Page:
Over the last few years, data-driven artificial intelligence has delivered impressive results in applications such as recommendation engines (e.g., books and movies), playing games, facial recognition, text translation, text synthesis, and fraud detection. This type of AI uses vast data to train the system. In many applications, a large amount of data is readily available such as images on Instagram, and large amounts of text on Wikipedia pages can be easily generated like a computer playing a game against itself. In contrast, collecting high-quality data in manufacturing applications takes significant time and incurs high costs. Unfortunately, a purely data-driven approach for AI is not a scalable model in most manufacturing applications, and we need to look for alternative methods.
What is Physics-Informed AI?
Manufacturing has a lot of known models and valuable process knowledge. Rediscovering these models and knowledge using a purely data-driven approach does not make sense. On the other hand, all known models make simplifying assumptions to reduce complexity and are, therefore, approximate. We need AI that exploits the known models and uses a data-driven approach to augment the models and knowledge based on experimental data to fill the missing gaps. This type of approach is called physics-informed AI. It enforces known physics-based process models or knowledge as a constraint in the AI system to ensure that it does not learn anything that contradicts existing information. For example, the system can enforce a constraint that increasing pressure on the sanding tool will increase the deflection of the sanded part. We don’t need to conduct many tests to learn this trend. If the measured data contradicts this constraint, the sensor is likely malfunctioning or the part/tool is not correctly clamped.
How Does Physics-Informed AI Work?
On the one hand, the physics-informed AI approach restricts the solution space, making the problem much more tractable. Consider the problem of predicting process output based on the input. If the output is expected to increase with an increase in the input, then the underlying model space is limited, and a smaller amount of data can train it. We don’t need to consider arbitrarily complex models. On the other hand, this requires more complex representations and associated solution generation methods to handle constraints to produce acceptable computational performance. We cannot train a simple neural network with observed input and output data. In this case, there is no guarantee that it would preserve the process constraint if the output used during training is noisy.
Physics-Informed AI at Work
At GrayMatter Robotics, we are making fundamental advances in physics-informed AI to support robotic automation in high-mix manufacturing applications. Here are a few representative examples:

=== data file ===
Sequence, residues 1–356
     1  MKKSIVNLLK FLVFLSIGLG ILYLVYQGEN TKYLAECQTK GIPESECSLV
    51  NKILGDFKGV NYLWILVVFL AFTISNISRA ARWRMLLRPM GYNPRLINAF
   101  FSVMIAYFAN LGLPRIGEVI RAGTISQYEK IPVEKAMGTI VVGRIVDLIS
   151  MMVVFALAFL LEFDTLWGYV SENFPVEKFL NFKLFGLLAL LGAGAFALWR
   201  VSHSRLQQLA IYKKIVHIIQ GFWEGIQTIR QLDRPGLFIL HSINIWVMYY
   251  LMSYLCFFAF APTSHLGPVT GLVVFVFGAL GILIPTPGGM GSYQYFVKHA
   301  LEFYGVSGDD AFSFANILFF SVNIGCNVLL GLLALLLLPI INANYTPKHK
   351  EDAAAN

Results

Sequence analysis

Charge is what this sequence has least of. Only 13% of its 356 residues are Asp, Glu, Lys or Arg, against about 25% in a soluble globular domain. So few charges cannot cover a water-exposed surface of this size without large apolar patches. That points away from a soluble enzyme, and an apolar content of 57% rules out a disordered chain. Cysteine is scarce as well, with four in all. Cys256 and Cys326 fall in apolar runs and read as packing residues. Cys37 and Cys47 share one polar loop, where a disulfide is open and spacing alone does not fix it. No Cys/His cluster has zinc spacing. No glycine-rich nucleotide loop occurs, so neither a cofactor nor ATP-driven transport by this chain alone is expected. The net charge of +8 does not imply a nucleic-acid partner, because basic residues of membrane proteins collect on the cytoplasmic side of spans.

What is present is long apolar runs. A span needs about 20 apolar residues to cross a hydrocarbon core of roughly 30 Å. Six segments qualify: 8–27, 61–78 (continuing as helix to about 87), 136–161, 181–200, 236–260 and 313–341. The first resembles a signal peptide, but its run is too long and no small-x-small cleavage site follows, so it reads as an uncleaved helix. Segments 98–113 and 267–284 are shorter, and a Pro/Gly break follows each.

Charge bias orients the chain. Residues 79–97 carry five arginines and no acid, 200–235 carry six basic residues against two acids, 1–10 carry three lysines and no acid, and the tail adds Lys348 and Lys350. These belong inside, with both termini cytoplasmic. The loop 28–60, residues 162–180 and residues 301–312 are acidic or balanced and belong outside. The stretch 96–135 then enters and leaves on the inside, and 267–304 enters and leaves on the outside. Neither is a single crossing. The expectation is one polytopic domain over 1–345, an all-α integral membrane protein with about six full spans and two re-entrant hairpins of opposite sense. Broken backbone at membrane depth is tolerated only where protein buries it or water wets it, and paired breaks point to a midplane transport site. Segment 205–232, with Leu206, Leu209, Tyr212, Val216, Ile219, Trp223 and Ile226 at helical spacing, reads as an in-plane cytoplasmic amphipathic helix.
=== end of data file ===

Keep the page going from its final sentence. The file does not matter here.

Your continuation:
- Defect detection is an essential ingredient for deploying automation in high-mix applications. We have developed a pipeline for generating photo-realistic images to overcome this challenge. A process model generates realist defects in virtual models. Therefore, a training process combining photo-realistic synthetic images and real images of defects works well.
- To efficiently and accurately build part models, we have developed a machine learning-based approach for predicting sensor performance (e.g., measurement errors) as a function of the operating conditions. We enforce known sensor performance models to build accurate prediction models during training. For example, if the sensor is expected to produce a higher amount of error when imaging from a more considerable distance, then this information is used during the training phase.
- Robots require body-mounted hoses and cables for the cell to function. These appendages may restrict the motion of the robot. Applying overly conservative restrictions makes the cell inefficient. On the other hand, not applying appropriate limits may damage cables/hoses and force the cell to shut down. We have developed a self-supervised learning framework to estimate robot motion limits when flexible components are attached to the robot. This approach uses a mechanics-based model of cables and hoses to accelerate the learning process.
- Our smart robotic cell can build process models for new materials and autonomously conduct experiments. While the exact quantitative relationship between input and process performance may not be known, qualitative relationships are often known (i.e., increasing input parameter #3 decreases output parameter #4). We utilize evaluation functions to penalize deviations from known process constraints. This approach, in effect, enforces known information and accelerates the model-building process.
- We use advanced prognostics and health management to ensure that the robotic cells work reliably. We utilize known causal relationships during the inferencing process to ensure that we can accurately predict the system state based on the process monitoring data. For example, we can use force and vision data to hypothesize the cause of accelerated tool wear.
The above examples illustrate how physics-informed AI technologies enable the realization of smart robotic cells for high-mix applications in surface treatment areas. Robots in the cell can program from a high-level task description. Process parameters can autonomously adapt based on the observed process performance to deliver consistent quality. The robotic cell can monitor its health and reduce the risk of failure by proactively taking corrective actions. These capabilities are truly revolutionizing the field of robotics and enabling new applications.